The Secretariat of the Pacific Community has signed a memorandum of understanding with the International Union for Conservation of Nature to work together in areas of conservation and development in the Pacific.
The four-year MOU, signed this week in Noumea, lays the foundation for co-operation in sectors related to biodiversity conservation including fisheries and marine protection, forestry, energy, food security, water and climate change.
The IUCN regional director, Taholo Kami, told Johnny Blades there's a growing feeling among Pacific government that there are too many different regional agencies working in similar areas but without cohesion.
TAHOLO KAMI: And we're seeing in the region that leaders are starting to say, 'Hey, what the heck?' (Laughs) 30 years plus 20 hasn't worked. And we're talking about the same problems that we had 30 years ago are still here today. And we've got donor and partnership relationships that have gone back for the last 30 years. What do we do that can make a significant difference and how do we cut through the noise, and how do we demand better access to benefits? How do we demand better investment - or the right kind of investment - to the communities, where it matters? And with all these institutions coming in I think it's part of the same demand from countries starting to say, 'We need something that makes sense to us that's not just fisheries'.
JOHNNY BLADES: Do you think the island countries are serious about green growth, blue economy?
TK: I think that it's coming, it's starting to emerge. Here at the MSG with the Melanesian leaders, you'll see in the next few days that this is the discussion that's happening right now. More and more leaders are starting to ask the questions, 'What do we need to do to see things change?' And I hope it's something we will see more - the Pacific Island countries coming onboard on this agenda.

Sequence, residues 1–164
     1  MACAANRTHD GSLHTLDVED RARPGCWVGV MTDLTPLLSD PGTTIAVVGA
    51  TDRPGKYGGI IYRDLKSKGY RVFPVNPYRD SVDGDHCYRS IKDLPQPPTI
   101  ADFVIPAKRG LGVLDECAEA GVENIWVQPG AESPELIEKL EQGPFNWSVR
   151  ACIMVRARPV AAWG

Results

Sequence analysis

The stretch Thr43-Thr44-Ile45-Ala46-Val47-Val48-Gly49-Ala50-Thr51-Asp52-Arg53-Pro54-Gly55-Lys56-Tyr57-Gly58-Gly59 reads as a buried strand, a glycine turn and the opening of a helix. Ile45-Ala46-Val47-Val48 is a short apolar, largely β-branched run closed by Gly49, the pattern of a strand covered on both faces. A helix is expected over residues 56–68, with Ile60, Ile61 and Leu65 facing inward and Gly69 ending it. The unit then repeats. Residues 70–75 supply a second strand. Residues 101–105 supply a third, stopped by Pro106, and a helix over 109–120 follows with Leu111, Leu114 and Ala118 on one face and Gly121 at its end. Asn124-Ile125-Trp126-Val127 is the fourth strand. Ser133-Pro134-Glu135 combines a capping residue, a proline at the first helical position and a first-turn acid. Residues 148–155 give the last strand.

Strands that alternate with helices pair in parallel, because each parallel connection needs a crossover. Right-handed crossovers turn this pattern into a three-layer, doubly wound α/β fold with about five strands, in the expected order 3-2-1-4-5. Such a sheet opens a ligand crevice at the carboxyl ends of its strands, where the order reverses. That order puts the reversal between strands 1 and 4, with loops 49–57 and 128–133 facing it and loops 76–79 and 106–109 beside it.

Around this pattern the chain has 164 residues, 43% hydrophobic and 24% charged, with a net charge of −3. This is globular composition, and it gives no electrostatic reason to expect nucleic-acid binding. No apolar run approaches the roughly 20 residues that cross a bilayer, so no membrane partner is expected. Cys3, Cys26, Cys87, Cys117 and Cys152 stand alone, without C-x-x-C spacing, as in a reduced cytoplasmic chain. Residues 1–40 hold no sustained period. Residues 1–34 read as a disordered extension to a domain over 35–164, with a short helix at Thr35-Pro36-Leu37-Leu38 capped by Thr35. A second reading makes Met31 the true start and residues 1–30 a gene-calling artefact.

JB: Do you agree with the parties to the Nauru Agreement's fisheries conservation approach?
TK: I actually think that they should be congratulated. And I think the fact that these small Pacific Island countries can close the door and say, 'We need to take action'. I think it provides an example for how other Pacific Island groups can start to say, 'Hey, it's not everyone else's problem, it's actually ours. And we need to take ownership of the challenge and do something about it'.
JB: Everyone is talking about deep-sea mining. And there's a lot of interest, obviously, from around the world in the Pacific's resources under the sea. What do you think? Do you think it's an area we need to tread very carefully in?
TK: By all means. I think, as a Pacific Islander, I wear my Pacific Island hat, I think we do need to know a lot more in terms of opportunities for natural resources - and deep-sea mining is a big opportunity - at the same time tread with caution. It'll still be there in 20, 30 years time and if takes a little longer to find out the best way to do these things, I think we should take our time.
JB: And companies can come and approach one country and start exploring if there's more pooling of resources.
TK: What you've just said, that's been the path of the last 60 years. Our small countries are always approached by organisations and companies, and I think we need to sort out our priorities first.